A conviction for a state jail felony means serving time in a Texas state jail instead of the overpopulated Texas prison system. It is possible that plea negotiations can result in a conviction for a lower felony charge, even though the prosecutor was at first seeking conviction on a first, second, or third degree felony.

That’s part of the job of criminal defense lawyer in plea negotiations: to take the facts of the case and convince the prosecutor that given the evidence he or she has on their table, this is the best deal for everyone.

Plea Negotiations and Sentencing Hearings

Here, a plea deal may involve, for example, the prosecutor agreeing to reduce a second-degree felony charge to a “state jail felony” or even a misdemeanor under the Texas Penal Code and seek minimal time behind bars, if the defendant agrees to avoid the trial and enter a guilty plea on the lesser charge.

If the plea deal is made, then both the prosecutor and defense attorney appear before the criminal court judge to present their plea deal. The criminal judge can accept or refuse it. If the judge will not accept the plea deal the defendant can withdraw his guilty plea. Most plea agreements are accepted by the court.

It’s also possible to work out a lesser charge or lower sentence directly with the criminal court judge. A Texas criminal defense lawyer may argue his case before the criminal court judge during a sentencing hearing, using the same kind of facts and circumstances and legal arguments as used in a plea negotiation with a prosecutor.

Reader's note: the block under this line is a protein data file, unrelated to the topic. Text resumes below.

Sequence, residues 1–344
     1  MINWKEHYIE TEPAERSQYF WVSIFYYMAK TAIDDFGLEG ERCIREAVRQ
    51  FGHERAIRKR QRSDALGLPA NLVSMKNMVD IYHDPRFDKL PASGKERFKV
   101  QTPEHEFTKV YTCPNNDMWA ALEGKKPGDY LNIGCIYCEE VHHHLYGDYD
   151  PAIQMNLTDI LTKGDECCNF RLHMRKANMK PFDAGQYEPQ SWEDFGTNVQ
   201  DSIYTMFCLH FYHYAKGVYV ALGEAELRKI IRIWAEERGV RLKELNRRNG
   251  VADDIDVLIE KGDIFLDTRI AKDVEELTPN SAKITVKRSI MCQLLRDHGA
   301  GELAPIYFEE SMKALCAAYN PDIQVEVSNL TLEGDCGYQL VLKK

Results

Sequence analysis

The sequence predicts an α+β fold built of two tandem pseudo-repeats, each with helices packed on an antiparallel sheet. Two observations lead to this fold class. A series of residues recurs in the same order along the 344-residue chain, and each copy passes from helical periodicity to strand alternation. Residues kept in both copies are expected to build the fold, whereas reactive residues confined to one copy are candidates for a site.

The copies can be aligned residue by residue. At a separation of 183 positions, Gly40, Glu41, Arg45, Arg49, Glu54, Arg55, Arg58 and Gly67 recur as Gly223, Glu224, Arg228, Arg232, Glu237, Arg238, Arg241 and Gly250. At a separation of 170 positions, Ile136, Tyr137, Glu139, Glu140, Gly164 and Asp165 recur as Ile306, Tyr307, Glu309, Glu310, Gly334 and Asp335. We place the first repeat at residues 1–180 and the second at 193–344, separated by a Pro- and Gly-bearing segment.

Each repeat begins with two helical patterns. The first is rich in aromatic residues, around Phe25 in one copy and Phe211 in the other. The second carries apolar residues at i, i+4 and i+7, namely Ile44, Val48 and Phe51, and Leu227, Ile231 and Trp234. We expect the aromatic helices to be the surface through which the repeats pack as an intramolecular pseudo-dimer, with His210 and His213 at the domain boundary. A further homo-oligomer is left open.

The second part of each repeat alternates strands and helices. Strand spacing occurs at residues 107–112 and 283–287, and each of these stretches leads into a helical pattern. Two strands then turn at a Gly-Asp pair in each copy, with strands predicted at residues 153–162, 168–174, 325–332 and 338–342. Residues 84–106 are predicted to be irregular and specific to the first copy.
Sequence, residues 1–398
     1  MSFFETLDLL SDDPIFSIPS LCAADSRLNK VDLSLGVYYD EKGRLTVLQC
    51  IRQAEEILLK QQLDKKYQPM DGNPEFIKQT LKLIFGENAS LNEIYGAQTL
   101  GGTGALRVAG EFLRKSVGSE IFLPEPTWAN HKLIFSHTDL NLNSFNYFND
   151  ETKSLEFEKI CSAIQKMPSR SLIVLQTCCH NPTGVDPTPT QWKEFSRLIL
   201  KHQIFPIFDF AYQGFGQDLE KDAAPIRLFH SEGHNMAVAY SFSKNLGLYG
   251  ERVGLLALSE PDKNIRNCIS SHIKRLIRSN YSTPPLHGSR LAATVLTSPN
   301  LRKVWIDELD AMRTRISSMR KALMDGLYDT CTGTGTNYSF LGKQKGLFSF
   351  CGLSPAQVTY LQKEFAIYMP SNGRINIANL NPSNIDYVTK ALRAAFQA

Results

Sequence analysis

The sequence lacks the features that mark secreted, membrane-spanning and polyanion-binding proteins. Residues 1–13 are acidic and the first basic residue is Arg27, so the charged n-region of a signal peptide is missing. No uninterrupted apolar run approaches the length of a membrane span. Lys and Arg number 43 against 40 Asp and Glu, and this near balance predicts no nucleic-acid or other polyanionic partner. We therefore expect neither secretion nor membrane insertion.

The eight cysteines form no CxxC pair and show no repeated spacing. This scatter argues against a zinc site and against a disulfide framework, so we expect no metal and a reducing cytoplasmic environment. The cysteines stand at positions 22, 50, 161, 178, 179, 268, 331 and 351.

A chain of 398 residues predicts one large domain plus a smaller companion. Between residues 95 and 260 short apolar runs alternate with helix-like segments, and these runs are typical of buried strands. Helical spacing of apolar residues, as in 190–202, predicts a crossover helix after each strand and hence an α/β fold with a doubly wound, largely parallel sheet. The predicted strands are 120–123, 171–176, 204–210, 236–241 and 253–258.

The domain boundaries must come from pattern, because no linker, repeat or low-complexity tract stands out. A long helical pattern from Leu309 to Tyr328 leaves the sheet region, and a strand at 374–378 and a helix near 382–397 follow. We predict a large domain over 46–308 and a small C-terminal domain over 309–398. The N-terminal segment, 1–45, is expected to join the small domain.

That’s because in Texas, the criminal court judge may impose sentencing herself after ordering a pre-sentence investigation (reporting on the defendant’s criminal and social history, as well as what happened in the circumstances of the crime), as well a hearing the arguments of defense counsel and any recommendations from the state.

Texas State Jails or Texas Prisons: Sentencing Defense

Here’s the bottom line: when you are facing serious felony criminal charges, your life is at stake. Your freedom, for many years, is going to be taken away from you by the government if they can get a conviction.

The lives of your loved ones and family members are also going to be hurt here – you won’t be able to visit with them, earn a living for your family, play with your kids, make sure your mother gets to the doctor. They’re going to have to fend without you now.

Criminal defense lawyers are entrusted with making sure that the system doesn’t fall short of the rights and protections that every single individual deserves in this country. Criminal defense involves protecting individuals against government errors or misconduct.

At times, that means protecting people from wrongdoing on the part of police and prosecutors. Other times, it means protecting people from over-reaching prosecutors who are wanting a “win” in a big felony conviction even if that’s an inappropriate charge.

Sentencing can mean as big of a fight for justice as the fight against any kind of conviction in the first place. Especially in Texas, with the current conditions that our prison and jail systems provide.

For more, check our our web resources page or Michael Lowe’s Case Results as well as his article: